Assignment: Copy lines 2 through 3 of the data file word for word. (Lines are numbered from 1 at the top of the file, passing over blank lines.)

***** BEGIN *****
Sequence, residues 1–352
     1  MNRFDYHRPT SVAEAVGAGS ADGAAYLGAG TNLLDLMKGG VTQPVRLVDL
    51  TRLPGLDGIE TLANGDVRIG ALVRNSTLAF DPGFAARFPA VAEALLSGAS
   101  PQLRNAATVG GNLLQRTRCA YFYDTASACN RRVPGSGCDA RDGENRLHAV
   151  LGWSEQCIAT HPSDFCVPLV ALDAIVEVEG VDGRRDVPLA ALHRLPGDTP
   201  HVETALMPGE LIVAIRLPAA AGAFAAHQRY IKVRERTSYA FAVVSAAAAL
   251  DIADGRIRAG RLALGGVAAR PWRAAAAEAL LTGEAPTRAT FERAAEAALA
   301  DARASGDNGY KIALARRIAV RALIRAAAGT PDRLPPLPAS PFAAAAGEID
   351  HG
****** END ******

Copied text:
     1  MNRFDYHRPT SVAEAVGAGS ADGAAYLGAG TNLLDLMKGG VTQPVRLVDL
    51  TRLPGLDGIE TLANGDVRIG ALVRNSTLAF DPGFAARFPA VAEALLSGAS